"After deciding to focus on mountain and fell running, I joined the Westerlands running club," continued Graham. "The club organises a number of races around the hills of central and southern Scotland. The AR marshalling was simply to stay part of the 'scene'. For the mountain and fell running events, it is very much as case of giving something back to allow great events to not only happen but happen at low cost compared to 'commercial' operations such as obstacle racing.”
3. Volunteer incentives
Many event organisers provide incentives to volunteer, such as a free race entry to one of their other events or goodie bags. Although incentives are beside the point, if you love running but resent the price of race entry, volunteering can be the perfect way to offset the cost of your favourite hobby.
“At parkruns you get volunteering "credit" that can add up to a t-shirt, and when I volunteer through my running club I can get points that increase my chances in the ballots for race places (like the London Marathon)” said Laura. “At the Hackney Half and Ealing Half we got a t-shirt and packed lunch and entry into the next year's race if we wanted.”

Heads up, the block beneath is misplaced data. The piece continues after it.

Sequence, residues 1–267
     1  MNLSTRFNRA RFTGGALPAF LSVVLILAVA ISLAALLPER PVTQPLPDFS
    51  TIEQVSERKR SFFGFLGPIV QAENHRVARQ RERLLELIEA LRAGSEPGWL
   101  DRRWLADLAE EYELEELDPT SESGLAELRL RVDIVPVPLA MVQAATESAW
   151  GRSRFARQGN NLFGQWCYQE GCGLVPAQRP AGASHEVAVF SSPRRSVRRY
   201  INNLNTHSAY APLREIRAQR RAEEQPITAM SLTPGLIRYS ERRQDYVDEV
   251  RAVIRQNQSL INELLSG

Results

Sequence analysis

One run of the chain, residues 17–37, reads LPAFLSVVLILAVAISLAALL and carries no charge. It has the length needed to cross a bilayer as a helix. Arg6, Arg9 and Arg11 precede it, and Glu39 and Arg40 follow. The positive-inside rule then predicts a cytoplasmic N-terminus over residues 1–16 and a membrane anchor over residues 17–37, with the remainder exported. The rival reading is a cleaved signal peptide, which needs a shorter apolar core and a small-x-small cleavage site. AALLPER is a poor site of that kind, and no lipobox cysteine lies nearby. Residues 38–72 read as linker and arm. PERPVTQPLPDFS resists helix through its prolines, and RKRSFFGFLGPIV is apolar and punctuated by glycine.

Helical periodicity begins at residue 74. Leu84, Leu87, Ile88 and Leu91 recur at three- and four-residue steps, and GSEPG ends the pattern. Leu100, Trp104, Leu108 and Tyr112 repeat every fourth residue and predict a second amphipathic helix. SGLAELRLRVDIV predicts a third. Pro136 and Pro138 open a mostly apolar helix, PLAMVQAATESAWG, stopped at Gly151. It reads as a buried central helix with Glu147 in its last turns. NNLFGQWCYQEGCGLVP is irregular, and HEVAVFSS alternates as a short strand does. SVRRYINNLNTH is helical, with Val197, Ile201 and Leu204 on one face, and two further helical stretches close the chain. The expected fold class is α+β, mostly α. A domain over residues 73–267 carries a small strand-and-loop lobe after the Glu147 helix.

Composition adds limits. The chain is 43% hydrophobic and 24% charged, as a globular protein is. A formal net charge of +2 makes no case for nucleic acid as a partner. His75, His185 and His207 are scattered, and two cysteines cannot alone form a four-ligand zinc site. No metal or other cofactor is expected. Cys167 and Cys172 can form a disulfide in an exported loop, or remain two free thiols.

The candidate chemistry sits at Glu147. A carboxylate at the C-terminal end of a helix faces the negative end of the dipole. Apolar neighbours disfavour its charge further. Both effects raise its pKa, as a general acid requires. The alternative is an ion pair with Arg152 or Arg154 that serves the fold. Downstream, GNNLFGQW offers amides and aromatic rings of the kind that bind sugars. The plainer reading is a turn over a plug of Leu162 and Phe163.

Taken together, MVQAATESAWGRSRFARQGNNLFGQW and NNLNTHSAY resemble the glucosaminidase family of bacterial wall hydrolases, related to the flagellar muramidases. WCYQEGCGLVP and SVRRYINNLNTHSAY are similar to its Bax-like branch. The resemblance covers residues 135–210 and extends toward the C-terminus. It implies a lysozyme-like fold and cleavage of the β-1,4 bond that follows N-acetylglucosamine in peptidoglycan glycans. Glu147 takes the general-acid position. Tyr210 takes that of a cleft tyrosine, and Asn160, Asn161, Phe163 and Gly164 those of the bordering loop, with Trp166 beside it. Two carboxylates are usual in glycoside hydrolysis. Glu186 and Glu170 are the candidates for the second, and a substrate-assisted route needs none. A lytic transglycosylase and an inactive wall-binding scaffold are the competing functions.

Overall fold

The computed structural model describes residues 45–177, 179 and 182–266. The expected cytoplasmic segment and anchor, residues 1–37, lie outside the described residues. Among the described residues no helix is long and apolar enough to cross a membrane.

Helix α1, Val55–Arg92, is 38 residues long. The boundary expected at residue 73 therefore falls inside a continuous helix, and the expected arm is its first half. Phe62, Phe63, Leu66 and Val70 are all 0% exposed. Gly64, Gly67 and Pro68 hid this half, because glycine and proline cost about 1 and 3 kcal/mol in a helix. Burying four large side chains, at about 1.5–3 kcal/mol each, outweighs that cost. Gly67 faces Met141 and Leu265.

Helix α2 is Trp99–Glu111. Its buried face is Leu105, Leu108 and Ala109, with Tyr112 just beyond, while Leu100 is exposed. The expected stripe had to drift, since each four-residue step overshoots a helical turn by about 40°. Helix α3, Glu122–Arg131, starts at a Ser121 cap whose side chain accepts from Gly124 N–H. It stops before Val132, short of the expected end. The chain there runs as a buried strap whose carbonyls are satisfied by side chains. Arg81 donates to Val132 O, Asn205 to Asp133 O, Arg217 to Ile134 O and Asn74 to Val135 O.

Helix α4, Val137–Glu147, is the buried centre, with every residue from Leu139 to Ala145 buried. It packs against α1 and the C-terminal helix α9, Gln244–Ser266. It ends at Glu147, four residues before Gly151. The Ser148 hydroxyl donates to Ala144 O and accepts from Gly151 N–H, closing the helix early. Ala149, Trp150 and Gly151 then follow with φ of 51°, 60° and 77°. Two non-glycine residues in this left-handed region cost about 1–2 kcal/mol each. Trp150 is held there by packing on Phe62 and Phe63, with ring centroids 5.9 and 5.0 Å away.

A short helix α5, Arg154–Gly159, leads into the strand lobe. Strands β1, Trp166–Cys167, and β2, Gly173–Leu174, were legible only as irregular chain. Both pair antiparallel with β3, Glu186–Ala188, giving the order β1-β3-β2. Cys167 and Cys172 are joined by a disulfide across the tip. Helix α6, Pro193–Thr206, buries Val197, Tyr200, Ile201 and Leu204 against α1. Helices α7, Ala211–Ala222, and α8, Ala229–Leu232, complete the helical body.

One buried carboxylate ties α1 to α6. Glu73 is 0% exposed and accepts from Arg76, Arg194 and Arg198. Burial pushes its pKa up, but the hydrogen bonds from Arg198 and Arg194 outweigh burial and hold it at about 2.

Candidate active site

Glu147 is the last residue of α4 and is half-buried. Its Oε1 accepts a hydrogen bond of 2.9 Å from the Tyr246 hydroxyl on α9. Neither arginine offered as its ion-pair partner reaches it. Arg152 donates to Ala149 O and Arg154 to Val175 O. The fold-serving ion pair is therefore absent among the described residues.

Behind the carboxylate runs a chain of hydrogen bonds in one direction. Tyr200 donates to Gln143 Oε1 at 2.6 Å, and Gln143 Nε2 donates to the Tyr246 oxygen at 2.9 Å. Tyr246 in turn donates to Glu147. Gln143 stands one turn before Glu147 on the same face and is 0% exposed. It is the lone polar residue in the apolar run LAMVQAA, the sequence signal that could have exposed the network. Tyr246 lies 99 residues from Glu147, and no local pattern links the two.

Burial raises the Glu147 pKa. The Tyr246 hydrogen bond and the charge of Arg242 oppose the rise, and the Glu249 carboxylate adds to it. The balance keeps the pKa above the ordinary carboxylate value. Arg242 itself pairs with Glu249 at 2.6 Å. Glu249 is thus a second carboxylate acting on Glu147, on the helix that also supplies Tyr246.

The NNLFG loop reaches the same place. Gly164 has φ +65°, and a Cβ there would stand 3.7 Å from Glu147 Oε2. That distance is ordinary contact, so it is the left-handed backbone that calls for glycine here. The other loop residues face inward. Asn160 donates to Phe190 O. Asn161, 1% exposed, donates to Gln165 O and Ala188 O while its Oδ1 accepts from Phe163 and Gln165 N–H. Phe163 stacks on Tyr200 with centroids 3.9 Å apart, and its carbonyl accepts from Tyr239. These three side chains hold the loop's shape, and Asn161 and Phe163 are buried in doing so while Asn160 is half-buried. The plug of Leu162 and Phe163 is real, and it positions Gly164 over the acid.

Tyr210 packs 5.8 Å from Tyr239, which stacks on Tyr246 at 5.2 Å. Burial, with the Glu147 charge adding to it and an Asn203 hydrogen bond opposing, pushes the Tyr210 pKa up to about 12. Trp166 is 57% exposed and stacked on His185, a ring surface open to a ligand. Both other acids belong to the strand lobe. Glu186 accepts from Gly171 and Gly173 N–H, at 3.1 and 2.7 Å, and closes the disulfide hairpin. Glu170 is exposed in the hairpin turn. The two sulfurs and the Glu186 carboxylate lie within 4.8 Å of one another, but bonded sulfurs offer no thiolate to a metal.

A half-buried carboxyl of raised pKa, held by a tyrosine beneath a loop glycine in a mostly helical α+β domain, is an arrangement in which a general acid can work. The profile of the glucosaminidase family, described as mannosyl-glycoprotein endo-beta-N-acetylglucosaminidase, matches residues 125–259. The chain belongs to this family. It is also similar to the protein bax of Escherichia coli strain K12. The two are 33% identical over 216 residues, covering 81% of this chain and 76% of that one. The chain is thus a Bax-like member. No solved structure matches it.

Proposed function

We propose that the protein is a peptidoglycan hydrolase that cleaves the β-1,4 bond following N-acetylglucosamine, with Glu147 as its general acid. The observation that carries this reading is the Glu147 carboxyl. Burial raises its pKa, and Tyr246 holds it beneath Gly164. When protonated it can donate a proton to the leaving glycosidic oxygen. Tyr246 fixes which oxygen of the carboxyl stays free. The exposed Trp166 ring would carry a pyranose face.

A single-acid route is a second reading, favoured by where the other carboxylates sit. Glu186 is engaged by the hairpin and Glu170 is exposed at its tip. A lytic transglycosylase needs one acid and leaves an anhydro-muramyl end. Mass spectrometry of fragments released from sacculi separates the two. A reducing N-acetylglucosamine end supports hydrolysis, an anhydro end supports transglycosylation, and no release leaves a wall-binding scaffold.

“I wouldn’t expect anything for club run events,” added Graham. “But I have been paid £40 for sweeping a 10-mile course and given a goodie bag and a t-shirt.”
4. Feel the buzz
Love the buzz running races gives you? The best way to recreate the great running feeling without actually having to move as far is to marshal at an event. If you’re injured, you’re training for a different event or you simply fancy feeling really good, marshalling provides all the same feel good factors that race day provides, without having to do anything but cheer! (And shepherd tired runners).
“As a runner I loved the social aspect of volunteering as an on-course marshal,” said Laura. “Getting to see the whole race run by from start to finish was fascinating. I loved cheering and seeing the smiles on some of the faces as they ran by. You get all the excitement of race day without having to run it!”
“It’s good to enable your pals to compete with a sense of contribution to making the event safe and affordable,” said Graham. “It is also a great chance to see the range of folks competing from the racing snakes at the front to the folks just aiming to complete.”
“I found it interesting to see all the runners from the front to the back and found a number of different ways to say well done, not long to go now!” agreed Fiona Bugler. “It was great seeing people achieve their goals, being part of the event and being part of the local running community.”
Not sure where to start? If you're keen to volunteer, simply get in touch with your local running club or event organiser, or seek out an event you're particularly interested in and put your name forward. Volunteers are invaluable and most race organisers will be delighted to hear from you.